Clifton James, Sheriff J.W. Pepper of Bond fame, Dies at 96

Clifton James, the character actor best known for his role as the frustrated, fast-talking Sheriff J.W. Pepper in two James Bond films, has died at the age of 96.

James died Saturday morning in one of his daughter’s homes in Gladstone, Oregon due to complications from diabetes, his daughter, Lynn James, confirmed to the Associated Press.

Though he would make numerous stage and television appearances, his most memorable role came as bumbling Southern Sheriff J.W. Pepper opposite Roger Moore in Live and Let Die (1973) and The Man With the Golden Gun (1974). Indeed, his performance was so memorable that the Bond writers added a plot line for him in The Man With the Golden Gun as the same sheriff on vacation in Thailand who famously gets pushed into water by a baby elephant.

“He wasn’t supposed to actually go in,” his daughter told the Associated Press. “They gave him sugar in his pocket to feed the elephant. But he wasn’t giving it to the elephant fast enough.”

To prepare to play the Louisiana sheriff, James met with real southern sheriffs to get a sense of the job and its responsibilities. The research would serve him well throughout his career, not only earning him a reprise as Sheriff Pepper, but many similar roles as lawmen in films like Silver Streak and Superman II.

George Clifton James was born on May 20, 1920 in Spokane, Washington, the eldest of Grace and Harry James’ five children. His family relocated to just outside of Portland, Oregon during the Great Depression. James served with the U.S. Army in the South Pacific in World War II and, according to his family, earned two Purple Hearts, a Bronze Star, and a Silver Star.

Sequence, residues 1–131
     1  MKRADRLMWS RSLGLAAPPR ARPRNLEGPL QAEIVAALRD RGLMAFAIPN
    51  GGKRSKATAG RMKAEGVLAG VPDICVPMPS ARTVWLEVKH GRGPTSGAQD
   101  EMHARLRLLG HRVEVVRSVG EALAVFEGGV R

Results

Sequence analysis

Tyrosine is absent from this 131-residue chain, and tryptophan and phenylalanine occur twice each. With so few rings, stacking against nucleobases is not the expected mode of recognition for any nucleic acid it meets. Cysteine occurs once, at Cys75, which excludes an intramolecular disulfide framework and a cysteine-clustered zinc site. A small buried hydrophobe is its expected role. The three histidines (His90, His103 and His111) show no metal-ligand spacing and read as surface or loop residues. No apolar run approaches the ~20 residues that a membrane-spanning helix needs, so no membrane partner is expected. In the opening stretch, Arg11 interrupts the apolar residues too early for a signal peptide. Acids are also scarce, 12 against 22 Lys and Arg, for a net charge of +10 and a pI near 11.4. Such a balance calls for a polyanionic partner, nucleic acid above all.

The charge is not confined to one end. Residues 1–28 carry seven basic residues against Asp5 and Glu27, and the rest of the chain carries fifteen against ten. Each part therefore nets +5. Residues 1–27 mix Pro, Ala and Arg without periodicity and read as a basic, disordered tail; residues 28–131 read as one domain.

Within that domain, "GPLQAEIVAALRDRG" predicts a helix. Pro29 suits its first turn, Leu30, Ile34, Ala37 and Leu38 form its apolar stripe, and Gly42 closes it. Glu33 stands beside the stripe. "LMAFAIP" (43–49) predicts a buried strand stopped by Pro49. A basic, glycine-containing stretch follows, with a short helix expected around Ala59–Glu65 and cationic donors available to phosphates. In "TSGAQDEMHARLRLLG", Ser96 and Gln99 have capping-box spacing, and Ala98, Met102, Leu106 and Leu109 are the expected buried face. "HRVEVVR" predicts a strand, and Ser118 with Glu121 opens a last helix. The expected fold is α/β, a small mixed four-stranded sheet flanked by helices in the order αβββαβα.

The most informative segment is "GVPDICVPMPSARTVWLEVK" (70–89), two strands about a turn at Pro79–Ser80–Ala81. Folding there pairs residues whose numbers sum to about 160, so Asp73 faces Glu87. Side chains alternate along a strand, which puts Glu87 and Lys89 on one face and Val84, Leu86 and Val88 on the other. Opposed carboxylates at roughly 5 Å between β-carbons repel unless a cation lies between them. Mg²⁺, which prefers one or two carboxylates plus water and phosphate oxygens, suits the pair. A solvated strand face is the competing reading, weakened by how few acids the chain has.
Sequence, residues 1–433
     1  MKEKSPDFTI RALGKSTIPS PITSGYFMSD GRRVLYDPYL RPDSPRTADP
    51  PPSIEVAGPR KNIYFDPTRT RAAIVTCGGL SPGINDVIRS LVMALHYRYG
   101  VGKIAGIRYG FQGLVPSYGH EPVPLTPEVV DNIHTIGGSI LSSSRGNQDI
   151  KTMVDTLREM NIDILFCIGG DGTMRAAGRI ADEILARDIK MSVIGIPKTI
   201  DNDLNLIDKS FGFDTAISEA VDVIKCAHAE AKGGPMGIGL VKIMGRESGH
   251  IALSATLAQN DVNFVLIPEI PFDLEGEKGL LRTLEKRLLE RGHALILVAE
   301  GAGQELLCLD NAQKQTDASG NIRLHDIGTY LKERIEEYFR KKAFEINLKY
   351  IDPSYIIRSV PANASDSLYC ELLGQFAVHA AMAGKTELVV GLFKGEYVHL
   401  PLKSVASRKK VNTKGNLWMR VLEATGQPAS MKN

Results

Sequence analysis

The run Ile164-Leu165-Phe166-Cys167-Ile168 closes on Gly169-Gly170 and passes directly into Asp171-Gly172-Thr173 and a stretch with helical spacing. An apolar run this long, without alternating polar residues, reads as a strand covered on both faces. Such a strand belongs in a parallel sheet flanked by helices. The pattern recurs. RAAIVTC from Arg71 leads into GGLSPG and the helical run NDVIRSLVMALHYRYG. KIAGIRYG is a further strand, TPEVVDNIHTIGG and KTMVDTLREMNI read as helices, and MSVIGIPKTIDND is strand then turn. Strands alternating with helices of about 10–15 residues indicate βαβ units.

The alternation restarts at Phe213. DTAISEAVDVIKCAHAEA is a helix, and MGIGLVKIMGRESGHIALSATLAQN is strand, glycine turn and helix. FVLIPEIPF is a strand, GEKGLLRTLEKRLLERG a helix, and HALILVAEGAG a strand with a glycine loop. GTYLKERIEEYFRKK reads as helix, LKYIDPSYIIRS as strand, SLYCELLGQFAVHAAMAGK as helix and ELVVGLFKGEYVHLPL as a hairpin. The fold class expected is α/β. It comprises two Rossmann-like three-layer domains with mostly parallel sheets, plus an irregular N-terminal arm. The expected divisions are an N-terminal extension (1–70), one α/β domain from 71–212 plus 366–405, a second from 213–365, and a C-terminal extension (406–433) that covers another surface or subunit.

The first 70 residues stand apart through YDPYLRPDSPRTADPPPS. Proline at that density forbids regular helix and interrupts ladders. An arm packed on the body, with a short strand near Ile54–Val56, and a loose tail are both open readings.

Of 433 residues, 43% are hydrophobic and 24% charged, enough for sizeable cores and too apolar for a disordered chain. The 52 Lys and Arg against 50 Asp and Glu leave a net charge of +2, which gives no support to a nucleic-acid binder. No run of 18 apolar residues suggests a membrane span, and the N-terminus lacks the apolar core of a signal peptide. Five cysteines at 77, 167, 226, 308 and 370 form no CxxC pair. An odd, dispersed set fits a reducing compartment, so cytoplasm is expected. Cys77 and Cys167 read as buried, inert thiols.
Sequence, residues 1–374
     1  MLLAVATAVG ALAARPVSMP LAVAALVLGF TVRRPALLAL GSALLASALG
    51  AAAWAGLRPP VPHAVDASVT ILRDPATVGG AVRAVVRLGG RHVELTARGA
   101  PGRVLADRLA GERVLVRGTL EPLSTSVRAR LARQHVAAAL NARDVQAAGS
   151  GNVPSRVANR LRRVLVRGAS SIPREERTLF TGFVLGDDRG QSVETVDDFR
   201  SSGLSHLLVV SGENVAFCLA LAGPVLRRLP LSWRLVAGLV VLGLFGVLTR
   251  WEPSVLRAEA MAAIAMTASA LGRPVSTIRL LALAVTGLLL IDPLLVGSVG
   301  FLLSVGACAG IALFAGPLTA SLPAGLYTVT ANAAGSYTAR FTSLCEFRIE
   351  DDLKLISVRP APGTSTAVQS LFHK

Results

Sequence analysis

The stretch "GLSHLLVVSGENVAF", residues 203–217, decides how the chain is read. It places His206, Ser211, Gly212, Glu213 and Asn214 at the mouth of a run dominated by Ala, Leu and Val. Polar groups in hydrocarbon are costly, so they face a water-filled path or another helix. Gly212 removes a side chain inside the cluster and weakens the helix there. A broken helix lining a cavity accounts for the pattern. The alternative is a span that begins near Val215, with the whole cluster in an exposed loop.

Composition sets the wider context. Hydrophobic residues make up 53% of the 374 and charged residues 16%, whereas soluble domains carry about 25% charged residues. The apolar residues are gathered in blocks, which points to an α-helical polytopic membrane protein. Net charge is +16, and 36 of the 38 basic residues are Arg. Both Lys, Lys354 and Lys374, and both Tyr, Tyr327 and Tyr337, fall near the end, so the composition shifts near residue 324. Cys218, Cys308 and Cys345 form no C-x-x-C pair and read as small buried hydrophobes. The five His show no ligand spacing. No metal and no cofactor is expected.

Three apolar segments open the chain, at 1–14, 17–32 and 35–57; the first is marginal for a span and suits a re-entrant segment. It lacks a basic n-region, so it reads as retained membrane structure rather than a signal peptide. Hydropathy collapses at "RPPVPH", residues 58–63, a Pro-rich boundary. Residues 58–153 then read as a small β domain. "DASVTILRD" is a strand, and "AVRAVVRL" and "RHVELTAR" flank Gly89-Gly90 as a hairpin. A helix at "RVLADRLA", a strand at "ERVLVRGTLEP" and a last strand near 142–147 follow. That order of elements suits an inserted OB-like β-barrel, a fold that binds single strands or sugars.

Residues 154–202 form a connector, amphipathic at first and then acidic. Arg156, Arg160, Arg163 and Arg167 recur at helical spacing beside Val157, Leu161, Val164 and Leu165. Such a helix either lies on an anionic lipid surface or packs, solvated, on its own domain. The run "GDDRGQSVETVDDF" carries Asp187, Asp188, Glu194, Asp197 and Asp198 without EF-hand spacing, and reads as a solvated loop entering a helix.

Following the war, James became interested in acting after appearing in plays at the University of Oregon. He moved to New York and began his professional career on the stage, making his debut in The Time of Your Life. He enjoyed success on Broadway, appearing in several plays, including the Pulitzer Prize-winning drama All the Way Home.

Though he was born and raised in the Pacific Northwest, James rose to onscreen fame playing another southerner, the cigar-chomping penitentiary floor-walker Carr in 1967’s Cool Hand Luke. He also made memorable onscreen appearances in many films and television shows, including Eight Men Out, The Untouchables, The Bonfire of the Vanities, and Dukes of Hazzard.

James is preceded in death by his wife Laurie, who died in 2015. He is survived by two sisters, five children, 14 grandchildren, and four great grandchildren.

This article was originally published on